- It is Critical that the Housing Bubble is Safely Deflated — Geoff Davies:
Economist Steve Keen has proposed an escape route that would bring prices down while preserving the equity of present home owners. There are two parts. First, a reversion to regulating bank credit, Menzies-style. Second, a monetary reset to deflate the debt bubble. Part One: regulate bank lending. This could be done by squeezing credit until prices stabilise. Alternatively or as well, Keen proposes that mortgage loans be capped at a multiple of what the property could be rented for, though rents are now also increasing. Part Two: a monetary reset. The essence of Keen’s proposal is to convert around half of housing equity into bond equity, so house prices could drop by half but present owners would not lose the equity they have. At the same time mortgage holders can pay down their debt to something more manageable.
- Doonesbury — by Gary Trudeau:
- The Pointless Keir Starmer — Craig Murray:
This Tony Benn quote from the 1980’s has come into vogue because it is prophetic, and the process appears now complete: 'If the Labour Party could be bullied or persuaded to denounce its Marxists, the media – having tasted blood – would demand next that it expelled all its Socialists and reunited the remaining Labour Party with the SDP to form a harmless alternative to the Conservatives, which could then be allowed to take office now and then when the Conservatives fell out of favour with the public. Thus British Capitalism, it is argued, will be made safe forever, and socialism would be squeezed off the National agenda. But if such a strategy were to succeed… it would in fact profoundly endanger British society. For it would open up the danger of a swing to the far-right, as we have seen in Europe over the last 50 years.' Starmer is in one sense the apotheosis of this process. Not only has he acted to purge the Labour Party of socialism, he also offers so very little of a meaningful alternative to the Tories that there is very little danger of the Tories being voted out of office. Not only is he a safe right-wing backstop, he is a self-redundant safe right-wing backstop.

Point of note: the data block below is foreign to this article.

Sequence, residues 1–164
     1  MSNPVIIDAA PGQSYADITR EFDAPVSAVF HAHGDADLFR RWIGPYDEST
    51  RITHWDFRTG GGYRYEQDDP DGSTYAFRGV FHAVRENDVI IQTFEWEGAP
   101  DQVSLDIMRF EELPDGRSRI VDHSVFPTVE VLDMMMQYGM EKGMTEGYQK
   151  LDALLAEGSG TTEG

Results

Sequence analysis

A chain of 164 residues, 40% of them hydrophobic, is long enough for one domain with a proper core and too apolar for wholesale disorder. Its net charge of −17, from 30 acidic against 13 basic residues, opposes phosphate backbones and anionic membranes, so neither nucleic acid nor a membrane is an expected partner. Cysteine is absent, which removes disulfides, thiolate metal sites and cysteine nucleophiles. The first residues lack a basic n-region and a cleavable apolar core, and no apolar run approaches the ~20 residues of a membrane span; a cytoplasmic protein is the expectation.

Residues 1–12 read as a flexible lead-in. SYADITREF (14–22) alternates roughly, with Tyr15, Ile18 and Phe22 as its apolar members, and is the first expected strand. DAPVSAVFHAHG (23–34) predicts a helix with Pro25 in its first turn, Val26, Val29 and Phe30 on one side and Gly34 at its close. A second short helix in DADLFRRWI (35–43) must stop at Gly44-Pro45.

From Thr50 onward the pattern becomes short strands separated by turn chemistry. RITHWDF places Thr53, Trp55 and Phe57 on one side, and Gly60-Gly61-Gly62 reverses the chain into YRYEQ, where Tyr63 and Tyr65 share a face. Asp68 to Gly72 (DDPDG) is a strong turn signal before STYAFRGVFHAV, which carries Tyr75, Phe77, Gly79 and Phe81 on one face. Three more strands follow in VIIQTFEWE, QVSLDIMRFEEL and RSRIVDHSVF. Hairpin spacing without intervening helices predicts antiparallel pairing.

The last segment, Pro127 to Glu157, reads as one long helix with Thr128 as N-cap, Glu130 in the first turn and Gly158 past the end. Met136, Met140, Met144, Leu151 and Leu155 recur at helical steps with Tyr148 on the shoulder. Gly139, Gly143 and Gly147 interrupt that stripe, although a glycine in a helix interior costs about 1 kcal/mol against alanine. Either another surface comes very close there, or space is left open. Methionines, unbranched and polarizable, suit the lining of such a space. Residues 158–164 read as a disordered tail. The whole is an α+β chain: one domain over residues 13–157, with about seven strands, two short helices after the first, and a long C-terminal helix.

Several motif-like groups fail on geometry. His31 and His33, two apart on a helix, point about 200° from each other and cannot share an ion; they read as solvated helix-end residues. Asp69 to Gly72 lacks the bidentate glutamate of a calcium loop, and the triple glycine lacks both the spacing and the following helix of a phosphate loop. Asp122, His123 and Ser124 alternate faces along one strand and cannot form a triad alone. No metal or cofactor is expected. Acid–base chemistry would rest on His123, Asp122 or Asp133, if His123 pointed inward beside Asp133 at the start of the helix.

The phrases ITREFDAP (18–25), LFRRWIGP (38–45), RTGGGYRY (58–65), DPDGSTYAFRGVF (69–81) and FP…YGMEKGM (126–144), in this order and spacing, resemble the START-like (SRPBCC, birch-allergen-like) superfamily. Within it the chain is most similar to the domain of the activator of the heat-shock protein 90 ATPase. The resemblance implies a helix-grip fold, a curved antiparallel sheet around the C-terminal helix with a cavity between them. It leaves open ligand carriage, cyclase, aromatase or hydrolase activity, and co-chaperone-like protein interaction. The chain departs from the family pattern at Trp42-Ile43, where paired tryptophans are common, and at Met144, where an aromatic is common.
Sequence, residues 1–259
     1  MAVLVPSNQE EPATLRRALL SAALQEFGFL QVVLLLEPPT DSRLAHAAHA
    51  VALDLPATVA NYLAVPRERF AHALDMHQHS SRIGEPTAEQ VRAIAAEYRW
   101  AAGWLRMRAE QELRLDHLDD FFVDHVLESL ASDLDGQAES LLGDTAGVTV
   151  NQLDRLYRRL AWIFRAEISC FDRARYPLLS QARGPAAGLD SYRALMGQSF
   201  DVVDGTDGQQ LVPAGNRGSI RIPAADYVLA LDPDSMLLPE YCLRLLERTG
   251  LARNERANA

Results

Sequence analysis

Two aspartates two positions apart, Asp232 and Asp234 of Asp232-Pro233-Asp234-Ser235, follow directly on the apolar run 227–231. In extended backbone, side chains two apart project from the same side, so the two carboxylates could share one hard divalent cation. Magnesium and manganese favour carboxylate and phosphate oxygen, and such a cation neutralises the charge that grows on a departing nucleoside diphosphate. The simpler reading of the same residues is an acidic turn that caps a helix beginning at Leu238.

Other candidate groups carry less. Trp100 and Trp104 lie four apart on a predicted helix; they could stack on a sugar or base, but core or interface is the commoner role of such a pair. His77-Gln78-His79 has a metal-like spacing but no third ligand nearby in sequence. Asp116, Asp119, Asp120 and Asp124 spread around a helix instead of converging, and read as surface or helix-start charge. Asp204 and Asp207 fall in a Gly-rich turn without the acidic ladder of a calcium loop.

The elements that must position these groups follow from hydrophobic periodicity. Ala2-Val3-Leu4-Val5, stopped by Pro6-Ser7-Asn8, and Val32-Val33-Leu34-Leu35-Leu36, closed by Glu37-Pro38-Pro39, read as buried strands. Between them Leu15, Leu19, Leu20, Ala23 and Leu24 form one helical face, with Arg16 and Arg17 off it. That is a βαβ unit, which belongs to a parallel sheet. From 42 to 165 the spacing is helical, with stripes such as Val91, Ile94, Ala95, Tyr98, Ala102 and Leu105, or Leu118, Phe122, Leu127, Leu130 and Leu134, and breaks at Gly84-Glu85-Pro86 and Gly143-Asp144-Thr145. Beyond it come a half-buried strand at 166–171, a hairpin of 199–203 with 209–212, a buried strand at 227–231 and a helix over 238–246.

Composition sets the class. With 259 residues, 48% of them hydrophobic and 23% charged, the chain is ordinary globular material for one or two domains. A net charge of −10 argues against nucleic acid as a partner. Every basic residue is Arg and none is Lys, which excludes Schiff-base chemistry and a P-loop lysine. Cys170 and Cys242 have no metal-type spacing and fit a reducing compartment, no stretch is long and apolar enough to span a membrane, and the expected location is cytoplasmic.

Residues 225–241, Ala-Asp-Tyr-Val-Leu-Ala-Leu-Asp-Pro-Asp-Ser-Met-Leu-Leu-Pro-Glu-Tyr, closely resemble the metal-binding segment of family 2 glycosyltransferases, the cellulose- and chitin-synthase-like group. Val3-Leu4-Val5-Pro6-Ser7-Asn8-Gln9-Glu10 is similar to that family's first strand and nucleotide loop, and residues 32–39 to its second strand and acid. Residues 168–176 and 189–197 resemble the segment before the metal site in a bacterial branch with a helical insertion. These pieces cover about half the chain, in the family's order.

- Imperial Narrative Control Has Five Distinct Elements — Caitlin Johnstone:
Mental narrative plays a hugely prominent role in human experience; if you’ve ever tried to still your mind in meditation you know exactly what I’m talking about. Babbling thought stories dominate our experience of reality. It makes sense then that if you can influence those stories, you’re effectively influencing someone’s experience of reality. The powerful manipulate the dominant narratives of our society in approximately five major ways: propaganda, censorship, Silicon Valley algorithm manipulation, government secrecy, and the war on journalism. Like the fingers on a hand they are distinct from each other and each play their own role, but they’re all part of the same thing and work together toward the same goal. They’re all just different aspects of the US-centralized empire’s narrative control system.